Heres a really interesting web press release about Madeleine Albright who has published a book on brooch pins.
Madeleine Albright has published a new book titled Read My Pins: Stories from a Diplomat's Jewel Box (Harper Collins, $40), which tracks how the country's first female secretary of state used brooches as symbols of her message to international counterparts.
Albright told Women's Wear Daily in an interview that she got the idea to use her pins during international negotiations after being dubbed an "unparalleled serpent" in a propagandistic Iraqi government poem in 1994. Albright wanted to send a subversive message of strength when meeting Iraqi officials, including Saddam Hussein. So during their meeting, she donned a gold pin depicting a snake coiled around a branch and a small diamond hanging from its mouth. The Iraqi officials and the press corps picked up on the message, and Albright realized she was onto something.
Albright took a liking to accessorizing with brooches when she discovered they could liven up her required regulation suits. Her collection of 300 pins, which is depicted in her book, includes everything from a button from John F. Kennedy's 1960 presidential campaign to more serious jewelry pieces, such as a gold and pink tourmaline Verdura brooch and a Cartier piece with moonstones, chalcedony, aquamarines and diamonds. Some of Albright's most politically notable pins include a gold dove pin given to her by Leah Rabin, wife of slain Israeli Prime Minister Yitzhak Rabin; an enameled blue bird with diamonds that she began to wear with wings downward in 1996 when Fidel Castro's air force shot down four Cuban-American pilots in international air space off the Florida coast; and her "Hear No Evil, Speak No Evil, See No Evil" trio of pins used to chide Russian President Vladimir Putin for his failure to acknowledge human rights violations committed by the Russian military in the violence-plagued region of Chechnya.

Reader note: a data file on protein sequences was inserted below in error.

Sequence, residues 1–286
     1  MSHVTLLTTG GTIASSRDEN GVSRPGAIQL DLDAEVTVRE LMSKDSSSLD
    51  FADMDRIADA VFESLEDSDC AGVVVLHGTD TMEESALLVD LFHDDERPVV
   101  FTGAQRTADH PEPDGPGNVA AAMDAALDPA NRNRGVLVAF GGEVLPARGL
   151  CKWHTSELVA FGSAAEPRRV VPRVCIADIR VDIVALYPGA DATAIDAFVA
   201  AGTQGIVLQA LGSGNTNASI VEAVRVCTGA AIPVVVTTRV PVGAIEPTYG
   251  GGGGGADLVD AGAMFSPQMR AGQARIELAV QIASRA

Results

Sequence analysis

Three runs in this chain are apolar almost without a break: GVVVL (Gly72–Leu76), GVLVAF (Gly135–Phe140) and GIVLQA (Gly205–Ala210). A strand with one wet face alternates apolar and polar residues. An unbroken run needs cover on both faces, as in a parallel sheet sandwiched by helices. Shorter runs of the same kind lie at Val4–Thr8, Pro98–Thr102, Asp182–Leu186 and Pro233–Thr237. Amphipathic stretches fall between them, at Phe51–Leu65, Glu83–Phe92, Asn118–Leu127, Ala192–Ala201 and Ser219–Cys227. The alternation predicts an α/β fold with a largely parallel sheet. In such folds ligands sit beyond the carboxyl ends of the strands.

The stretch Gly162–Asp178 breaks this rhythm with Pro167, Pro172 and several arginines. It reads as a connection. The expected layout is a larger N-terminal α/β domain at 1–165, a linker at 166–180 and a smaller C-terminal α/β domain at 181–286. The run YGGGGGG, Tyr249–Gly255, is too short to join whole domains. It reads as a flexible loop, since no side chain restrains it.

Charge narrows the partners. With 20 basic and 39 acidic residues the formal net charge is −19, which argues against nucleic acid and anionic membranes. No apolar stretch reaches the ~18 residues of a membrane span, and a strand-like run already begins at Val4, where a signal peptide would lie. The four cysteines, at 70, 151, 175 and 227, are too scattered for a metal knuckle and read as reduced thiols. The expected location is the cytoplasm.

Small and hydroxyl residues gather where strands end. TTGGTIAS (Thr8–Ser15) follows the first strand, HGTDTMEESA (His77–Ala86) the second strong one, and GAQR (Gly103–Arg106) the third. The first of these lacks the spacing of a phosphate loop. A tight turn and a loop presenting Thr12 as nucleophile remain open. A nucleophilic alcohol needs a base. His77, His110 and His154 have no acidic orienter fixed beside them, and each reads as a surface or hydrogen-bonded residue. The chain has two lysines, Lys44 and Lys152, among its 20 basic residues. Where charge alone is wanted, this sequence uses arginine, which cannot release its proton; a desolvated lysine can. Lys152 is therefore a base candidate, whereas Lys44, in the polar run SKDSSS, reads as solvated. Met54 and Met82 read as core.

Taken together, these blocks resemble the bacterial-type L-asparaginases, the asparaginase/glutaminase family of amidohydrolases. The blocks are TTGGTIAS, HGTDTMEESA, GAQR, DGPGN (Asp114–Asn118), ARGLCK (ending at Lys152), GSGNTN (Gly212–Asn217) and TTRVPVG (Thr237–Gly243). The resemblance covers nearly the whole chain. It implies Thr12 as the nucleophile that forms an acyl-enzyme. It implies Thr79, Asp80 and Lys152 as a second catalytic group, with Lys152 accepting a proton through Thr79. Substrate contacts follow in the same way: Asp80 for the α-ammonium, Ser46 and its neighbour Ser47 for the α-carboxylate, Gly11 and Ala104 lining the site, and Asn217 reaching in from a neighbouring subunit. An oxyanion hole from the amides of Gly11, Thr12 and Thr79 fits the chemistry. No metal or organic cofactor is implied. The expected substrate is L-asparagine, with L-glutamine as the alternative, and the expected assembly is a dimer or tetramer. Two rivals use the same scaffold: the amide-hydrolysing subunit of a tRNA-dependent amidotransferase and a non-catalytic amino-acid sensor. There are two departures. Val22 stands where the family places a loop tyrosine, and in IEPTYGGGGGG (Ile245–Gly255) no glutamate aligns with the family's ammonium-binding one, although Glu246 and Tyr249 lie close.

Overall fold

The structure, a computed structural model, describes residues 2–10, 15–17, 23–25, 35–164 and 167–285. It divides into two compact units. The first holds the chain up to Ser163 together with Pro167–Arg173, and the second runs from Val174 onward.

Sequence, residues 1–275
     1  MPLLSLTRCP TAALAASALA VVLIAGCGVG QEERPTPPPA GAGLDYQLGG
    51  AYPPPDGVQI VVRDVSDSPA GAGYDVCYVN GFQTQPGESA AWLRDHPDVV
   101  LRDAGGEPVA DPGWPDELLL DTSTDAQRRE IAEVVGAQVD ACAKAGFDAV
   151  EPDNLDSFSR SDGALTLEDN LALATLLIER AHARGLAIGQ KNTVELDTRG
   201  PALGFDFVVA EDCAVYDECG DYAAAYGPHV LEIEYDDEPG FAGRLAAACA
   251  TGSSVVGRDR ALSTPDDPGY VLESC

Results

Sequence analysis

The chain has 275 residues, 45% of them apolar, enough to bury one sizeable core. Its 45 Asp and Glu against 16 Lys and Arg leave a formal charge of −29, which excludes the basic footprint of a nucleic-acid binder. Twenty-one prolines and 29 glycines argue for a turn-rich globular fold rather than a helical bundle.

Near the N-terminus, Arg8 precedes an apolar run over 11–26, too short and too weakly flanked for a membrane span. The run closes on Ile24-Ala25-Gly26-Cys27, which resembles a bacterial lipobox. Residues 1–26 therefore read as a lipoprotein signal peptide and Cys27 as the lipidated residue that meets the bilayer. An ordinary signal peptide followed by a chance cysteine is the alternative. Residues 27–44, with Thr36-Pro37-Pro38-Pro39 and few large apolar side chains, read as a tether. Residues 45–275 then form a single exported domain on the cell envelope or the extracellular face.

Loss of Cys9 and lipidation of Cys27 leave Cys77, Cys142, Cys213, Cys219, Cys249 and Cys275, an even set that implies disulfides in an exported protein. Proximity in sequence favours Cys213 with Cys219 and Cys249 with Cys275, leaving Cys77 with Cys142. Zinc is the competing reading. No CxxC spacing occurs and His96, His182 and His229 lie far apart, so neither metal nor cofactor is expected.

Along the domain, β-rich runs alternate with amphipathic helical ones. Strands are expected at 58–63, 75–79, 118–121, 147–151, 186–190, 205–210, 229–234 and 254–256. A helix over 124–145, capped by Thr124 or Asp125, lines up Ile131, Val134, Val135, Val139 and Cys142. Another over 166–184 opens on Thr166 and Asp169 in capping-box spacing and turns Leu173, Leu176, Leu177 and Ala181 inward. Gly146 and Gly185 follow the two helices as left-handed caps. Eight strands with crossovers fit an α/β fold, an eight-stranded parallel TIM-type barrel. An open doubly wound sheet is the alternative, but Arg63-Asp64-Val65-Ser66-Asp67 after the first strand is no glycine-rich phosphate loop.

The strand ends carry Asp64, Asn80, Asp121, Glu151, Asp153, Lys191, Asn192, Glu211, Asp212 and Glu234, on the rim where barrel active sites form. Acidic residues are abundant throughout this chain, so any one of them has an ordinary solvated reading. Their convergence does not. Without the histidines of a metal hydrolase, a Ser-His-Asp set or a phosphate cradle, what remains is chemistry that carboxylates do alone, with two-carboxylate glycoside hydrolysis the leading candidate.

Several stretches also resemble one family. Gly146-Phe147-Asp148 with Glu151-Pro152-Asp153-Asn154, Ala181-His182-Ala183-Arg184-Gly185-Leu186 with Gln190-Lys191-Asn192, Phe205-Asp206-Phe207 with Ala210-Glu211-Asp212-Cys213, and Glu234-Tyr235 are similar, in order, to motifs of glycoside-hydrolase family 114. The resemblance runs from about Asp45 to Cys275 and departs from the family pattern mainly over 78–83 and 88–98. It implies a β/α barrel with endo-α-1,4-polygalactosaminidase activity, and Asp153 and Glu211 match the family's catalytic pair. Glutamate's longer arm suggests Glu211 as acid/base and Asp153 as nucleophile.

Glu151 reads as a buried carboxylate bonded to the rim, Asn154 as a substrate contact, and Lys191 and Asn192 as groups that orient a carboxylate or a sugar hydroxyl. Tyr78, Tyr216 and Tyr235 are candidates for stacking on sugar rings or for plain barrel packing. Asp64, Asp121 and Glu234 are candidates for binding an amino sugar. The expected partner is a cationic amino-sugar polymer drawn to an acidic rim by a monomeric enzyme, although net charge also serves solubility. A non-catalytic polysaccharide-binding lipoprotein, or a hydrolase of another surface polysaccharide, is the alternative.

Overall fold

Albright says her favorite brooch is a painted clay heart that her daughter Katie made as a child. "I wear it every Valentine's Day," she told WWD. "People say, 'Where did you get that?' and Katie, who's 40, says, 'You have got to tell people I made that when I was five.'"
The exhibit "Read My Pins: The Madeline Albright Collection" will be on view through Jan. 31, 2010, at the Museum of Arts and Design in New York City. The collection will then go on tour and appear at selected venues across the country.